Two fish swim together across the pond. They meet an older, wiser fish. He says, “Hello, boys, how’s the water?”
The two swim for a bit, then one asks the other, “What’s water?”
This story is from a commencement speech given at Kenyon College in 2005 by David Foster Wallace. Sometimes I think about more than technology. I’m interested in how to live a full life.
Wallace began with the common advice that college’s role is to teach you to think. The real point, he said, is knowing what to think about. Even more, to become aware of what surrounds you.
You’re tired and grumpy after work. Then you realize you are out of food at home and must go to the supermarket. It’s rush hour. Someone in a gas-hog SUV drives aggressively trying to pass everyone. You arrive at the store. You manage to find what you need. The check out line is long. There’s an overly made-up chubby woman screaming at her kid. The cashier says have a good day with the voice of death.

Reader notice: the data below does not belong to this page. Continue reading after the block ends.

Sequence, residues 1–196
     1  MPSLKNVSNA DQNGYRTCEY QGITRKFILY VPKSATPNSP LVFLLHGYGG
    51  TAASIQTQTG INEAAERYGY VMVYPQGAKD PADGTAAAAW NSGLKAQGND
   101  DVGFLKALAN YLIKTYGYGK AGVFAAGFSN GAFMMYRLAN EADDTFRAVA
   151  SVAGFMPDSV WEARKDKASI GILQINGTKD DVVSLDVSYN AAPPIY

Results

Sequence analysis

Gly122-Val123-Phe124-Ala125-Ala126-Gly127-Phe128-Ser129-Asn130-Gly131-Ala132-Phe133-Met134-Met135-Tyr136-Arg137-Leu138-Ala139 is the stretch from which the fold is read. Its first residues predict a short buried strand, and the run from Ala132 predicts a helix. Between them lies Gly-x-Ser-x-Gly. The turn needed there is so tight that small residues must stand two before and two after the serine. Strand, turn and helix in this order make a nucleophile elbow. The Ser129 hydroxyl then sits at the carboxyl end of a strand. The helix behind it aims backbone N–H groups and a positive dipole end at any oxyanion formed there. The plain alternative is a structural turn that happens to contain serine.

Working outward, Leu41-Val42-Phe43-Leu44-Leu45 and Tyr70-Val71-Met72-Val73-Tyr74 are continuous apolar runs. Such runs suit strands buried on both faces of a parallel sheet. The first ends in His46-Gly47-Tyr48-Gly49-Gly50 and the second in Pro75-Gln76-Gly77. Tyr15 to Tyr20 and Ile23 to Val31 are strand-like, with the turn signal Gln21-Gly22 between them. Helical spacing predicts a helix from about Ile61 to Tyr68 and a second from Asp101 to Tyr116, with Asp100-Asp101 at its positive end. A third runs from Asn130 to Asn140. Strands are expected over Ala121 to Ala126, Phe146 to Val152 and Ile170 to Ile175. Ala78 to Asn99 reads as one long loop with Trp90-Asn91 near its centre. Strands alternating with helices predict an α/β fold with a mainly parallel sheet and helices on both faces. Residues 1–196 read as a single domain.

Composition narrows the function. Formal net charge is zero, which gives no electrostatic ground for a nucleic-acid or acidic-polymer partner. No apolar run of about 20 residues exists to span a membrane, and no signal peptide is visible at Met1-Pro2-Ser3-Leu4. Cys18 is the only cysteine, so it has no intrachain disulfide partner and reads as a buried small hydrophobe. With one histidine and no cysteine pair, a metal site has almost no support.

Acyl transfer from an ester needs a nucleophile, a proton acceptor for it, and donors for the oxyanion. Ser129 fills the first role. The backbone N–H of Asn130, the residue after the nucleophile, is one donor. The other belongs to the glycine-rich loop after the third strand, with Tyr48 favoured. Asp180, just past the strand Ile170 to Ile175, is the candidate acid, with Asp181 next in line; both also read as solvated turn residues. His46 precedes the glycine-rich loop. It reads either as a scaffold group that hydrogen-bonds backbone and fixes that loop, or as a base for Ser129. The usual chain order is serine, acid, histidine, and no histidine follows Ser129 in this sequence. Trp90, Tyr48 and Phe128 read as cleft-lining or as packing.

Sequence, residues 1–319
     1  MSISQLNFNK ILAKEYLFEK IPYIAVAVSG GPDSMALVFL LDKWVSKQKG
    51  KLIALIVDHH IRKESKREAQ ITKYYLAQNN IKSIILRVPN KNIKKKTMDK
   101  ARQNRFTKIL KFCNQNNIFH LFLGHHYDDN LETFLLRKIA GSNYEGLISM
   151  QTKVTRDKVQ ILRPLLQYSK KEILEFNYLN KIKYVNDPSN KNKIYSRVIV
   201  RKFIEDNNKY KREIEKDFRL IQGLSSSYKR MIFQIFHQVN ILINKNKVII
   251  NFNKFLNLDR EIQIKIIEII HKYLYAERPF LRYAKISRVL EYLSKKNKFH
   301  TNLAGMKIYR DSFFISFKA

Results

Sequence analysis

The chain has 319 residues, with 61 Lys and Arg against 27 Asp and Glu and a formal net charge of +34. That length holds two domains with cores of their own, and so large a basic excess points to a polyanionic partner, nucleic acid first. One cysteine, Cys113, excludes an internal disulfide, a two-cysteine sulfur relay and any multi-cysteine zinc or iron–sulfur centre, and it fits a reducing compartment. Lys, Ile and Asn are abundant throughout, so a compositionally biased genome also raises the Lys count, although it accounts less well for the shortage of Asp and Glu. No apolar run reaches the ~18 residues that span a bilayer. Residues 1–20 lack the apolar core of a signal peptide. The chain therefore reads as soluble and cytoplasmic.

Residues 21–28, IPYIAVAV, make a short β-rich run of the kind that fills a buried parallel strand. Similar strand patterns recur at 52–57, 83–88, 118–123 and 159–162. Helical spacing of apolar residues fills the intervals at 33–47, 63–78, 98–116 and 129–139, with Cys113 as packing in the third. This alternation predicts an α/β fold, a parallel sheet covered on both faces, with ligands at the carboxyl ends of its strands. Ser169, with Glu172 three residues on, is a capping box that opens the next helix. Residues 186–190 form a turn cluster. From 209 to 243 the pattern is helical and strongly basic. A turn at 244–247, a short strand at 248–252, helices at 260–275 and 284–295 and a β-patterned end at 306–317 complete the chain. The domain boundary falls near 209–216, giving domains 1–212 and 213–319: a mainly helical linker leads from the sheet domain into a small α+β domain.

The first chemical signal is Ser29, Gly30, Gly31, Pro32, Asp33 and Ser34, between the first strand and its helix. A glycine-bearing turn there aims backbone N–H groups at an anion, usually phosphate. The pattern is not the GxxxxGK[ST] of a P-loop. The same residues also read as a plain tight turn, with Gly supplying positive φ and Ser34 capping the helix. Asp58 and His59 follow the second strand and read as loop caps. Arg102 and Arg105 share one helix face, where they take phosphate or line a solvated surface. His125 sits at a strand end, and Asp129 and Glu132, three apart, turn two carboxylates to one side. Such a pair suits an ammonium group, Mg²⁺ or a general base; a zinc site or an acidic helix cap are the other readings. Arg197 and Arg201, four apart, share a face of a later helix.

You think–perhaps that SUV was driven by a dad trying to get a sick kid to the hospital. Perhaps the woman at the store was tired after nursing a husband sick at home with cancer. Perhaps the cashier is caught in a dead-end job with many pressures at home.
Perhaps we don’t see the “water” around us. Perhaps we blame other people for things when we don’t understand their problem. Perhaps we think people are purposely out to get us when in reality they are just trying to get by. Just like us.
Perhaps by seeing the water, we can live a more compassionate life. And that would be good.